Getting rid of the president is a popular subject these days. And Sunstein's advice on the subject can show us the protocol — and the history — behind firing the most powerful man in the free world.
- It's hard not to write about the laws of impeachment without invoking the current POTUS, Mr Donald J. Trump. A former reality-star with no governing experience, Trump has set foreign relations into a panic with his rage-fueled Tweeting habit.
- In almost every public moment since the election (and before it) — from his talk about grabbing women by the genitals to mocking a disabled reporter to suggesting the 2017 Puerto Rico hurricane wasn't a "real" disaster — he's offended the majority of Americans.
- Cass Sunstein walks us through how it could come to be. And it's a lot easier than you might think. Cass Sunstein's research is cited in The Influential Mind: What the Brain Reveals about Our Power to Change Others byTali Sharot.
Is that what Jesus would have responded to the poll from Pew Research Center?
Harvey Meston / Staff
- A Pew Research Center survey found that only 25% of white evangelicals say the U.S. has a responsibility to accept refugees.
- Meanwhile, people with no religious affiliation were most likely to say the U.S. does have that responsibility.
- The results show the divide between the principles and practices of right-wing Christians in the U.S.
A majority both disapproves of him and think's he'll win next year. What gives?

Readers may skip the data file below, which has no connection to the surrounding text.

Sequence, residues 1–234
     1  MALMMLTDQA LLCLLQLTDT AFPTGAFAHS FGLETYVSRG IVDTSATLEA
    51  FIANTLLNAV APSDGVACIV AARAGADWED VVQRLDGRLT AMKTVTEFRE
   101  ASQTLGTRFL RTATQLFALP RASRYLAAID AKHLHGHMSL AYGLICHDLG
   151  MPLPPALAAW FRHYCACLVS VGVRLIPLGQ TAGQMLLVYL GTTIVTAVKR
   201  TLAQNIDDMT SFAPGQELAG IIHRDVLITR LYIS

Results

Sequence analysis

- A new poll shows a majority of respondents think Trump will win another term next year.
- This is despite the fact that the respondents didn't all approve of Trump.
- Similar polls have been taken for other Presidents at the same point in their first term.
Say that again, but slowly.<p>Despite poll numbers that suggest he has an uphill battle for re-election despite, the same people who don't support Trump for re-election think that he will probably win anyway.</p><p>The poll, which interviewed 1006 adults by telephone, shows that 54 percent of Americans think Trump will win re-election. This means that Trump, whose overall approval rating is negative, is doing better in this regard than Obama was doing with better approval ratings at the same point in their Presidencies. </p><p>This is despite a majority of the surveyed holding negative opinions on how Trump is doing on a wide variety of issues. On the topics of immigration, trade, foreign policy, and help to the middle-class Trump's approval ratings are at least a few points below his disapproval ratings. He fares a little better on the issue of the economy in general, with about half of those polled saying they approve of how he has managed the economy. </p>
Why would people think this?<p>The dissidence between the numbers who disapprove of how he is doing and the number who think he will be re-elected can be explained by the fact that not everybody who disapproves of him thinks he'll lose. In December of last year, 81 percent of the people who disapproved of how Trump was handling the economy said they felt he would lose re-election; this poll shows that number is now 67 percent. The tide has changed. </p>